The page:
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Editorial: When two and two don’t make four

Many drugs are chiral, i.e. the enantiomers (isomers) cannot be superimposed on their mirror images. It has long been known that if a drug is chiral, then in biological terms, the isomers invariably differ in activity [1]. One isomer may specifically interact with a cell receptor to produce the desired outcome while the other might have no useful application or might have an unwanted pharmacological or even a toxicological effect through some other interaction.

In the clear-cut example where one isomer of a chiral compound is ‘good’ and the other ‘bad’, there is obvious benefit from developing the drug as the single isomer to enhance its safety and tolerability. The paper in the present issue of BJUI by Fontenot et al. [2] on the differential activity of the enantiomers of clomiphene elegantly exemplifies this in terms of potential toxicity.

Since 1992 the US Food and Drugs Administration and the European Medicines Agency have required manufacturers to research and characterize each enantiomer in all drugs proposed to be marketed as a mixture. The assumption was that a mixture may not manifest clinically as a simple algebraic summation of the biological characteristics of the individual components. From that date, production of new racemates (mixture of enantiomers) ceased to be a rational commercial option and instead became a high-risk route for pharmaceutical companies.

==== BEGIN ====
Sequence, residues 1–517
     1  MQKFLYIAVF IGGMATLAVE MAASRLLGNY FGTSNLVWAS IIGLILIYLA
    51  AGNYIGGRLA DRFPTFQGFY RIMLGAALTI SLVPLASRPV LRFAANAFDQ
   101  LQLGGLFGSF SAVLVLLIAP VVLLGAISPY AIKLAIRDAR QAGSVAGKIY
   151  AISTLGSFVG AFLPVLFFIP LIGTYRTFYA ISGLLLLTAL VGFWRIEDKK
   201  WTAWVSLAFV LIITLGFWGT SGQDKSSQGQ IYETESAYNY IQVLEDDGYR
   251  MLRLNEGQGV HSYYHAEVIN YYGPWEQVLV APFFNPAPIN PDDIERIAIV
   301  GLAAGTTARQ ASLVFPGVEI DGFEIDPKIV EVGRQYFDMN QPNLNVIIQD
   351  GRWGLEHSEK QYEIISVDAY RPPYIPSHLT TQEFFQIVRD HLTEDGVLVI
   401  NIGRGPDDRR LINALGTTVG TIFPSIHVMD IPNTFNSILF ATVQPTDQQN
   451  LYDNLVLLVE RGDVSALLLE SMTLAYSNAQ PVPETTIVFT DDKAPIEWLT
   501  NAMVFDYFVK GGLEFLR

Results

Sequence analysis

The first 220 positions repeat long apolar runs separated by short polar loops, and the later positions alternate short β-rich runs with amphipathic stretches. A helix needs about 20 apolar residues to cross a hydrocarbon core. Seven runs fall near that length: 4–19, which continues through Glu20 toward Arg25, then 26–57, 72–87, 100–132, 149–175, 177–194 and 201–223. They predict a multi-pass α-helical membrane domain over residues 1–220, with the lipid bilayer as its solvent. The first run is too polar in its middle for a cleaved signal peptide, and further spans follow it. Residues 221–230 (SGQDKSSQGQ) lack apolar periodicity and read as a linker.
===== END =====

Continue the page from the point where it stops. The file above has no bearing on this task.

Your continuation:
With respect to the enantiomers of clomiphene, it was undoubtedly the differential toxicological profile [2], coupled with relative primary activity as oestrogen antagonists [3], that resulted in the prioritization of Enclomiphene for late stage clinical development. It is this isomer that forms the basis of the submission to the regulatory authorities for the treatment of secondary hypogonadism.

The present paper in some ways reinforces what we already knew; isomers can have differential activity. What is unusual is that what is presented is not pharmacological evidence but clear-cut differences in toxicological profile.

The research raises a specific issue in relation to the treatment of secondary hypogonadism. In general, patients with secondary hypogonadism require restoration of normal testosterone levels while preserving fertility. As such, the use of exogenous testosterone for replacement can be counter-productive as there is a well-documented negative impact on spermatogenesis [4]. As an alternative, ‘off-label’ clomiphene is relatively widely proffered. Assuming approval, Enclomiphene would provide an attractive alternative to its racemic ‘parent’.

Overall, the present paper is a useful reminder of what we think we know; that is, that all racemates are likely to manifest the characteristics of both component enantiomers.

Michael G. Wyllie
Global Pharma Consulting Ltd, Banbury, UK

 

Conflict of Interest

The author is an independent director on the board of Repros Therapeutics.

 

References

 

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